Here’s The Good, The Bad, And The Ugly About The Bipartisan Bill To Restore The Voting Rights Act


President Lyndon B. Johnson signs the Voting Rights Act of 1965

On Thursday, Reps. Jim Sensenbrenner (R-WI) and John Conyers (D-MI) and Sen. Patrick Leahy (D-VT) plan to introduce bipartisan legislation that will undo much of the damage done by the Roberts Court’s 5-4 decision to neuter a key prong of the Voting Rights Act. Since its enactment in 1965, the Voting Rights Act required states with a record of racial voter suppression to “preclear” any new voting laws with the Department of Justice or a federal court in D.C. The Supreme Court’s decision last June struck down the formula that determined which states are subject to this preclearance regime, effectively halting federal supervision of many states that were actively engaged in voter suppression.

Prior to the Roberts Court’s decision, nine states were subject in their entirety to the preclearance requirement, and parts of six others were also covered. Notably, much of the state of North Carolina, which recently enacted the most aggressive voter suppression law in the nation, was covered under the old formula.

The bipartisan fix to the Roberts Court’s decision creates a new formula that would initially lead to far fewer states being covered by preclearance. As the Nation’s Ari Berman explains, the new formula requires preclearance in states “with five violations of federal law to their voting changes over the past fifteen years,” and to localities “if they commit three or more violations or have one violation and ‘persistent, extremely low minority turnout’ over the past fifteen years.” The upshot of this new formula is that only four states, Georgia, Louisiana, Mississippi and Texas will immediately be subject to preclearance in their entirety. Notably, none of these four states are North Carolina, with its comprehensive voter suppression law.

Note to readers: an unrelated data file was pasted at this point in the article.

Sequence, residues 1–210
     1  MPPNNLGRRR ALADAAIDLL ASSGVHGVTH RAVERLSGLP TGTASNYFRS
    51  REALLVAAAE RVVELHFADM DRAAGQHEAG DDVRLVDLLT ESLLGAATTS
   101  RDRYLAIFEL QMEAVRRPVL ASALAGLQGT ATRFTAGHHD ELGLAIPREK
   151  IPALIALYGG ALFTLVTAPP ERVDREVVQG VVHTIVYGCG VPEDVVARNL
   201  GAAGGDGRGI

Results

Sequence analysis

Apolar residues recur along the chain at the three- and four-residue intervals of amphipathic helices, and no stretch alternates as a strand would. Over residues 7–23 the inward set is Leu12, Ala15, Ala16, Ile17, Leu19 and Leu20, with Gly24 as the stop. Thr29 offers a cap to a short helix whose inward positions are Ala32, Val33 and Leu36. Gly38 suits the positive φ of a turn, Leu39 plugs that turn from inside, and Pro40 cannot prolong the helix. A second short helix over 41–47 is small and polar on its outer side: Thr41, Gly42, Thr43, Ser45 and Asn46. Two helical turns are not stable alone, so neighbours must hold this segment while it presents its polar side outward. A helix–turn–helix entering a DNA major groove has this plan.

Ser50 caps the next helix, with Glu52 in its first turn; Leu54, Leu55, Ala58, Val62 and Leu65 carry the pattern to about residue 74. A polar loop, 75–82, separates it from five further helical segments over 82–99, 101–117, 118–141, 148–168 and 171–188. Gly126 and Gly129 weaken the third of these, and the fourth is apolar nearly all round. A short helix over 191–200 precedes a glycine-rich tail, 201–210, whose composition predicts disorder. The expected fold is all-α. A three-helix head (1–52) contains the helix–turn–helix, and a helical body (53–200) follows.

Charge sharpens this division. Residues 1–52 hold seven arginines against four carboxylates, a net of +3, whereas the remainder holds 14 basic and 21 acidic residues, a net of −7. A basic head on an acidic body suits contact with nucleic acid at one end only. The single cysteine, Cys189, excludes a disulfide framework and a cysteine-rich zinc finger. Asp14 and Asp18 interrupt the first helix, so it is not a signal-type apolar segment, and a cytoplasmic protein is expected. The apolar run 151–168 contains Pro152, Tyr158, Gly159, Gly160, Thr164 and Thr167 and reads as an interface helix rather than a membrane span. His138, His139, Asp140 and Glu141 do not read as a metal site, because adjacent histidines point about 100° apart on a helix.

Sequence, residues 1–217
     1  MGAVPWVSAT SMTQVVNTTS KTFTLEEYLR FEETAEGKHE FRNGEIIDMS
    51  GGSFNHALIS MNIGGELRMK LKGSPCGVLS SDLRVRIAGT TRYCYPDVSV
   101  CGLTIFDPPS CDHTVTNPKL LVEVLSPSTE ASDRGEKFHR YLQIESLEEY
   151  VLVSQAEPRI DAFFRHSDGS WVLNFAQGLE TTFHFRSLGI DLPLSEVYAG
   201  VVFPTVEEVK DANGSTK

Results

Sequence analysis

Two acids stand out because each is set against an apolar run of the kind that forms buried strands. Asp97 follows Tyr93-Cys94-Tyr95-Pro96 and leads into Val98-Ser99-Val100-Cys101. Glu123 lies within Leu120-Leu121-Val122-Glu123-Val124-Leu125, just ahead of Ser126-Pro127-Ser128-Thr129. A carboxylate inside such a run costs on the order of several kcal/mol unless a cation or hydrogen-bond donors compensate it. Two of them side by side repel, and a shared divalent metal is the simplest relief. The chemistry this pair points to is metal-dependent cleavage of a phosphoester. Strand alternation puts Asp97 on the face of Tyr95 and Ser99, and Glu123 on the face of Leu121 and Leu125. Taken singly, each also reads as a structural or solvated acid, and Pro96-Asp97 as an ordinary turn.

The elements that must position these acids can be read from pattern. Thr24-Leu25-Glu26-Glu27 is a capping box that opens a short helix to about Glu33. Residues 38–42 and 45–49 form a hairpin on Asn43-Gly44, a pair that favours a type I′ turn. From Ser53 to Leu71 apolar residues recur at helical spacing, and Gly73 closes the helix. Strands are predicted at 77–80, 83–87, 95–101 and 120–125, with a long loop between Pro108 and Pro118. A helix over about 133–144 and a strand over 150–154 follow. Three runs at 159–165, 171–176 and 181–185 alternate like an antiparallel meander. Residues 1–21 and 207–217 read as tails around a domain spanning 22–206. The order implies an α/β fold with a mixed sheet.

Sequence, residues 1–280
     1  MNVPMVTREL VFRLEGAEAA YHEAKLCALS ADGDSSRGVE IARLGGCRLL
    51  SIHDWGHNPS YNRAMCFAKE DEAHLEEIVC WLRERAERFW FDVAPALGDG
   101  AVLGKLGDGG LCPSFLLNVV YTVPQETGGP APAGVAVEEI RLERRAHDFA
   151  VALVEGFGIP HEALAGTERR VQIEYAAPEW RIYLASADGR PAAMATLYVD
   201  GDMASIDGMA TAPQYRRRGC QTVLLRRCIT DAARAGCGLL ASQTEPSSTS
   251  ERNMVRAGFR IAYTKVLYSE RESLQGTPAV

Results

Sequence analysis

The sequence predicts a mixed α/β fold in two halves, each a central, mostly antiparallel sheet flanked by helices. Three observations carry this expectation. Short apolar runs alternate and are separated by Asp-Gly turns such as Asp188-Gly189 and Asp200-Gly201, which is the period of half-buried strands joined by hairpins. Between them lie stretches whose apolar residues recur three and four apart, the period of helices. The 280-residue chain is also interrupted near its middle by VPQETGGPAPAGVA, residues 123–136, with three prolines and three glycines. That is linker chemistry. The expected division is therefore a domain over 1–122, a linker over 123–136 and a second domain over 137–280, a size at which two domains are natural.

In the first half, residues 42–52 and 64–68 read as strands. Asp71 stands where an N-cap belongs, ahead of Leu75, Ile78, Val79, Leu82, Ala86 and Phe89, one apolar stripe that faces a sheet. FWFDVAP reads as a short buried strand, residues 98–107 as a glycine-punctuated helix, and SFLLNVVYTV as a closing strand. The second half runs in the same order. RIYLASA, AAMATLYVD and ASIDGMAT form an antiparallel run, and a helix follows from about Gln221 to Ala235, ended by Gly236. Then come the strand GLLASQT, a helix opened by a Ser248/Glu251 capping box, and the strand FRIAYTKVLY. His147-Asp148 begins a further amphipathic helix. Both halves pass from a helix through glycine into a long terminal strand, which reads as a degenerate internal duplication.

The other piece of bad news is that the bipartisan bill creates a special carve-out for voter ID laws. Voter ID, which requires voters to show a photo ID before they can cast a ballot, are one of the most common voter suppression tactics in the country. Though their proponents claim that they are necessary to prevent voter fraud at the polls, such fraud is virtually non-existent. Indeed, a Wisconsin study found that just 0.00023 percent of votes are the product of in-person voter fraud, so a person is more likely to be struck by lightning than to commit fraud at the polls.

What voter ID does accomplish that it removes many low-income, student and minority voters from the electorate, all of which are groups that tend to favor Democrats over Republicans. Yet, despite their impact on racial minorities, the bipartisan voting bill will not count voter ID laws as a violation of federal voting rights that that can be used to subject a state to preclearance. Berman reports that this special carve out for these racially discriminatory laws was necessary to secure the support of House Majority Leader Eric Cantor and some other Republicans.

It should be noted, however, that while voter ID laws cannot be used to bring a state under the preclearance requirement, the bipartisan bill will allow them to be blocked in states that are already subject to preclearance — either under the new formula or under another provision that will be discussed shortly. In this sense, the bipartisan bill appears to be a compromise between a radical proposal hinted at by Sen. Chuck Grassley (R-IA) — that voter ID be exempt from the Voting Rights Act entirely — and the pre-Roberts Court status quo. Nevertheless, there is a risk that the bipartisan voting bill will allow voter ID laws in some states to be grandfathered in if they are enacted during a period when the state is not subject to preclearance.